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   RE: Mechanics of mapping relational data into XML

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  • From: Ronald Bourret <rpbourret@hotmail.com>
  • To: xml-dev@lists.xml.org
  • Date: Fri, 14 Jul 2000 19:40:58 +0000 (CEST)

Michael Rys wrote:

>Please note that SQLServer 2000 (and the SQLXML tech preview) infer nesting
>information from the SQL query based on the join/Cartesian product in the
>FOR XML auto mode mentioned below). One limitation of this (and the 
>mentioned in the WebTechnique article) is that you only get single type
>hierarchies (i.e. all children are of the same type, e.g. Order contains
>Customer) and there is no way to identify sibling instance data of a
>different type solely based on the resulting rowset of a simple join query.

Could you explain this further? I'm not sure I understand what you mean by 
"single type hierarchy". Do you mean that you couldn't infer that B and C 
are both children of A in the following statement?

   SELECT A.a, B.b, C.c FROM A, B, C
   WHERE A.a = B.a AND A.a = C.a

If not, why not?

>Also the mapping schema approach of SQLServer provides the "model-driven"
>approach by annotating an XDR schema and translating an XPath expression
>against that schema into the corresponding SQL expression.

One point here that I think is relevant -- "model-driven" does not imply 
that the user can explicitly map the data. Both SQL Server's FOR XML AUTO 
and FOR XML EXPLICIT are model-driven. This is because both use the same 
underlying model: they view the data as a tree of data-specific objects and 
use an object-relational model to map this to/from the database. (In a 
template-driven approach, there is no underlying model -- the user simply 
says, "Get the data according to the following query and put it here, and 
here, and here.")

>Ronald hints also at another categorization of mappings of relational data
>to XML:
>- Canonical mappings such as
>  <table>
>   <row>
>    <column>...</column>
>    ...
>   </row>
>   ...
>  </table>
>  ...
>which are generated by tools such as Oracle's XML query templates, ADO's 
>persist format.

Actually, if I've read the Web pages correctly, both Oracle's XML SQL 
Utility for Java and ADO are not limited to a table model and support a 
tree-of-objects model, which means arbitrarily deep nesting in XML. However, 
Oracle requires that the database support SQL 3 object views and ADO 
supports this only in version 2.5 (it didn't support this in version 2.1).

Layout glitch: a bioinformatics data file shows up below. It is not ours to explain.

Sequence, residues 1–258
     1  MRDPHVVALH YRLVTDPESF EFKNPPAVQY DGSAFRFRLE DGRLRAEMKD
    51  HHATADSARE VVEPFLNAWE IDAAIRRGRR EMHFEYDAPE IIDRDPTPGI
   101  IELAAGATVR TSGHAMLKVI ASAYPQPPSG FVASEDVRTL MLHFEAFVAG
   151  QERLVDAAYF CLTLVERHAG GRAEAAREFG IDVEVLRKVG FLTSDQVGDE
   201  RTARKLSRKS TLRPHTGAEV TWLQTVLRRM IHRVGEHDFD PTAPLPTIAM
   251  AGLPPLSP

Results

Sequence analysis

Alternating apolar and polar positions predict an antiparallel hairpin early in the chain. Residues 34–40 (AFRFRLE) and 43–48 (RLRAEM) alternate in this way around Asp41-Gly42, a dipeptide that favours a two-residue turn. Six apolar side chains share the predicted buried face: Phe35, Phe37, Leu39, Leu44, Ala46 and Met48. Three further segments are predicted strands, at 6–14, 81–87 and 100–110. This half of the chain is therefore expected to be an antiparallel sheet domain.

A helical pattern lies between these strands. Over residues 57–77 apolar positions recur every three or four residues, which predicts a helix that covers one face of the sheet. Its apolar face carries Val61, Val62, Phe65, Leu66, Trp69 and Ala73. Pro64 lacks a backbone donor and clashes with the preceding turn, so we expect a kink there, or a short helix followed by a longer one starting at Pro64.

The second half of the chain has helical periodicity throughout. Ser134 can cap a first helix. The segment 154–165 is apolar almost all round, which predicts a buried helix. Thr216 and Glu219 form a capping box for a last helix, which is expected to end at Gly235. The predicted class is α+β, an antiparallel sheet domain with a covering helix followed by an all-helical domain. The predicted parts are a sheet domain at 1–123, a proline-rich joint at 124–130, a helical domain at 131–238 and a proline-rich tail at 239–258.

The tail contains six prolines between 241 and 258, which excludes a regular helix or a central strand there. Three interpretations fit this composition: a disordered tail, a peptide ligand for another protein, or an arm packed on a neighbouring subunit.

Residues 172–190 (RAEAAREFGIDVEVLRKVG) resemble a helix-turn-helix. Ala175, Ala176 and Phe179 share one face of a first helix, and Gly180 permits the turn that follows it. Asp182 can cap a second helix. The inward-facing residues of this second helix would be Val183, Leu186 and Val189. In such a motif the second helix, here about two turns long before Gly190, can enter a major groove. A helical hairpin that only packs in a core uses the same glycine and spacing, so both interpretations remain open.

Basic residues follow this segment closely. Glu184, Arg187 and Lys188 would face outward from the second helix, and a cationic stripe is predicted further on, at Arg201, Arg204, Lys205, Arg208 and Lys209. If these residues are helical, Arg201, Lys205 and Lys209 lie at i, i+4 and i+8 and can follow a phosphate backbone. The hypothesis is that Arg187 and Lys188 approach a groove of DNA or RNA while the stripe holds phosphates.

>This format is efficiently generated but needs a lot of (potentially)
>inefficient postprocessing to generate the application's XML structure.


>- Heuristic mappings such as the FOR XML auto mode, or the WebTechnique
>article. A semantic XML structure is inferred from the underlying 
>Closer to the goal if the database model corresponds to the application's
>- Mapping descriptions such as FOR XML explicit, mapping schemata, or IBM's
>DADs. They generate the desired XML structure with some mainly relational
>limitations w.r.t. to pivoting relational data into meta-information such 
>the issue mentioned below w.r.t. transforming values into XML element 
>The over-/non-normalized issue identified by Ronald is an issue in the 
>two approaches and would probably be best solved via an intermediate,
>normalized view. The mapping approaches (such as SQLServer's mapping 
>should not have a problem with data being combined from 
>tables, assuming that some identification for the relationships is

Actually, whether products that provide mapping tools can support such 
non-normal data depends on the mapping tools and the data transfer software. 
For example, although my product (XML-DBMS) can handle the proposed case, 
this is a bit of a fluke and, in general, it can't normalize/de-normalize 
non-normal/over-normal data. This is because the mapping language does not 
require users to write SQL statements (the software generates them instead). 
Ah, those generality/ease-of-use tradeoffs...

>As to platform independence ... [snip] the issue is that there is not (yet) 
>standardized way to tell a relational database on how to generate XML.

Has anybody started thinking about this yet? I think there are really three 
issues here:

1) The underlying model to be used,
2) How this is mapped to the database, and
3) The actual mapping language (or whatever it turns out to be).

I think the first part won't be too difficult -- it's really just a matter 
of deciding what parts of an XML document are worth saving in a relational 
database and how to model them. Given that all the large database companies 
and a number of the middleware providers have already implemented a 
tree-of-objects model, the only real questions here will be some niggly bits 
-- is mixed content supported? How are ID/IDREF attributes modeled? Is order 
in sibling elements and multi-valued attributes significant? etc.

The second and third parts will be rather more difficult. Not only are there 
the usual hassles about how to name the mapping language elements, it's not 
even clear what the form of the language is or what degree of features it 
supports. For example, DAD and XML-DBMS use proprietary, XML-based mapping 
languages that don't require the user to write SQL statements. SQL Server 
appears to require SQL statements, and then marks up XML Schema. Beanstalk 
(another middleware tool) simply adds a bit of extra syntax to SQL. All of 
these have different features and different capabilities, all with different 

In spite of these problems, I do think that an XML <=> RDBMS will be 
standardized at some point in the future. It's just a question of when...

-- Ron
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